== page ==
"It's a fun surprise to see what people bring," Casadei said.
It worked like this: you grabbed a picnic table and set up your goods. Samples were crucial, and Karin was right, packaging mattered. My attempts at being practical and frugal while also rustic and charming meant I'd wrapped my goods in brown lunch bags labeled with "Hello my name is" stickers. No one commented on my packaging selection.
Sheets of brown paper lined the tables, and we were to jot down the names of our offerings right on the paper, with room for people to put a "bid" on the offerings, silent-auction style.
We swappers were to mingle for a while, taste each other's goods and bid on items we wanted (with a counter-offer at the ready - I'll swap you my boy bait for your bag of salad greens). Actual swapping wouldn't begin for another 45 minutes or so.
These ladies' skills made a mockery of my goods. Anyone can bake a blueberry buckle or make granola with the right recipe, but homemade laundry detergent? Organic vanilla extract made with organic Madagascar vanilla beans and organic vodka? I didn't tell anyone I'd made my buckle with - gasp - generic white flour. And when Kimberly, a multi-tasking swapper who arrived with not just greens fresh from her garden and a platter of cupcakes but also with three small children, asked me where I'd gotten my blueberries, I mumbled that they were the supermarket variety. On sale, too.
Oh, the shame.
But while the women were clearly more prolific foodies than I - I will never have the patience to make lemon curd or pickles, like Susan Cullen of Pawcatuck did, or start tomatoes from seed in February with a careful temperature monitoring system and grow lights, like Joanne Bergren of Stonington - they didn't judge.
Come swap time, many of them approached me and made quick, no-nonsense pitches: you want my hot fudge for your granola? Cathy Canto of Stonington asked. You could politely decline if you had your sights set on something else, but swappers rarely did.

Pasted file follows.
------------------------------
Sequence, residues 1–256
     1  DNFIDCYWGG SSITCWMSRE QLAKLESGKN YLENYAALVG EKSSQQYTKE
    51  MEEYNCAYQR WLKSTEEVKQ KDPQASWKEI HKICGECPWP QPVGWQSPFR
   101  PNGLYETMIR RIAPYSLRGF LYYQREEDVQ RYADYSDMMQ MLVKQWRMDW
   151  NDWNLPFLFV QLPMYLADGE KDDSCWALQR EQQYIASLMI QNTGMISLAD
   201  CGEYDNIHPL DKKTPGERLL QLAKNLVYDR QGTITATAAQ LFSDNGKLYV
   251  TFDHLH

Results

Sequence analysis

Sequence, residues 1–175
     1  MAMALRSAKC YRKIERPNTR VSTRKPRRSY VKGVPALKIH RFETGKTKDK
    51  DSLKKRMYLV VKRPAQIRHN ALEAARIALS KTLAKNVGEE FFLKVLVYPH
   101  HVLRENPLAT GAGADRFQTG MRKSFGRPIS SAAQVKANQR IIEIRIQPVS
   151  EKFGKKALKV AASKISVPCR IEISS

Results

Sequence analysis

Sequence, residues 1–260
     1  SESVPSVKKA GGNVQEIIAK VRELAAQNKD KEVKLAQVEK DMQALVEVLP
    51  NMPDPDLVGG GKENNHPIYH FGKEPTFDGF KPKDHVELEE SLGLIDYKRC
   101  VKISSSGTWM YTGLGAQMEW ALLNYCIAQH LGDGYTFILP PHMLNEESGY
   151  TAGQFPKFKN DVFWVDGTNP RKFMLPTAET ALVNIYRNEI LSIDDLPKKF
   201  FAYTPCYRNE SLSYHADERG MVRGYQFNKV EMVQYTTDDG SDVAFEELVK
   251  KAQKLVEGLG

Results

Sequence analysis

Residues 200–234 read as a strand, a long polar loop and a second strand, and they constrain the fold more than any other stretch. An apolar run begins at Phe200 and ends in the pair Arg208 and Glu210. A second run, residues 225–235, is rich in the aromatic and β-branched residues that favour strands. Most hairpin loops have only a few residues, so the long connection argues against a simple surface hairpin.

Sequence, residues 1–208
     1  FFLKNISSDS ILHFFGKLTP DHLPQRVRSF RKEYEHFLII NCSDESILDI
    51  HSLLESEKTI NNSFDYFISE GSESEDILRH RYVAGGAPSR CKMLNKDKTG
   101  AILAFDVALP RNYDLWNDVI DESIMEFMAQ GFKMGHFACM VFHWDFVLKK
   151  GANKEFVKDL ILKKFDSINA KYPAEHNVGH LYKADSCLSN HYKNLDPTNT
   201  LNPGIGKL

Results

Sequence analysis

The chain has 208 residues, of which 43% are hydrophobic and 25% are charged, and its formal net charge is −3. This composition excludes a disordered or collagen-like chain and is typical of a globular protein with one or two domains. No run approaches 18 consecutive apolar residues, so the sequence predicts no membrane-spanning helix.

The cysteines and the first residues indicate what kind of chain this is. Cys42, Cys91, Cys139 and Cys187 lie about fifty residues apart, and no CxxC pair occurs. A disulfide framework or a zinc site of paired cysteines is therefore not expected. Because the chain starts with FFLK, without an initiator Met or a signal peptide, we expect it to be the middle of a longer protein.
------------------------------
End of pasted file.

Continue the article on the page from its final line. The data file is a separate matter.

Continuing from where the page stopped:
"Everyone's supportive of everyone else," Bergren said.
Casadei, gracious hostess that she was, made sure no one felt left out and bid her free-range eggs to each participant - in all, eight.
"I'll do a pickles for eggs," Casadi offered Cullen. "For the namesake, right?"
For my humble offerings, I came away with a jar of hot fudge, organically grown mint, wonderfully fragrant bundles of sage, a dozen eggs and a bag of salad greens. Canto, whose vanilla extract I desperately wanted, sweetened the deal by giving me the vanilla for the mere possibility that I might next time bring something that appealed to her more than my boy bait.
Karin's cookies were a big hit, and for them she got two tomato plants, a jar of dill pickles, a dozen eggs, vanilla extract and herbal calcium. We giggled like schoolgirls, feeling like we'd just cheated and scored big.
I'm already planning ahead for next month's swap. Cullen's strawberry jam during the first swap was rumored to have been so delicious that Fiona Phillips joked that she and her family "fought over it." I must be prepared in case she makes more.